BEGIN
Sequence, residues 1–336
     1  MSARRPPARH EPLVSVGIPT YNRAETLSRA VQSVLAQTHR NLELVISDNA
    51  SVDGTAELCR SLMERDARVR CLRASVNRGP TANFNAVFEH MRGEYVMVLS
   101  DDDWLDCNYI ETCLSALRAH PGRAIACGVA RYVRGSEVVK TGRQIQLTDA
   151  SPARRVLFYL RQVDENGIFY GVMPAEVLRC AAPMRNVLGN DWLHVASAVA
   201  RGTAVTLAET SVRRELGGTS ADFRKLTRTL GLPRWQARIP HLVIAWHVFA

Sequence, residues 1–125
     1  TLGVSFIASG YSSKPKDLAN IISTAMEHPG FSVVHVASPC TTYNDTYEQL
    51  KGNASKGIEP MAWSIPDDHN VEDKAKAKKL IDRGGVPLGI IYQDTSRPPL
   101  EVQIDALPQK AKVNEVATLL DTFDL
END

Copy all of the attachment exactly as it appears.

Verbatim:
Sequence, residues 1–336
     1  MSARRPPARH EPLVSVGIPT YNRAETLSRA VQSVLAQTHR NLELVISDNA
    51  SVDGTAELCR SLMERDARVR CLRASVNRGP TANFNAVFEH MRGEYVMVLS
   101  DDDWLDCNYI ETCLSALRAH PGRAIACGVA RYVRGSEVVK TGRQIQLTDA
   151  SPARRVLFYL RQVDENGIFY GVMPAEVLRC AAPMRNVLGN DWLHVASAVA
   201  RGTAVTLAET SVRRELGGTS ADFRKLTRTL GLPRWQARIP HLVIAWHVFA

Sequence, residues 1–125
     1  TLGVSFIASG YSSKPKDLAN IISTAMEHPG FSVVHVASPC TTYNDTYEQL
    51  KGNASKGIEP MAWSIPDDHN VEDKAKAKKL IDRGGVPLGI IYQDTSRPPL
   101  EVQIDALPQK AKVNEVATLL DTFDL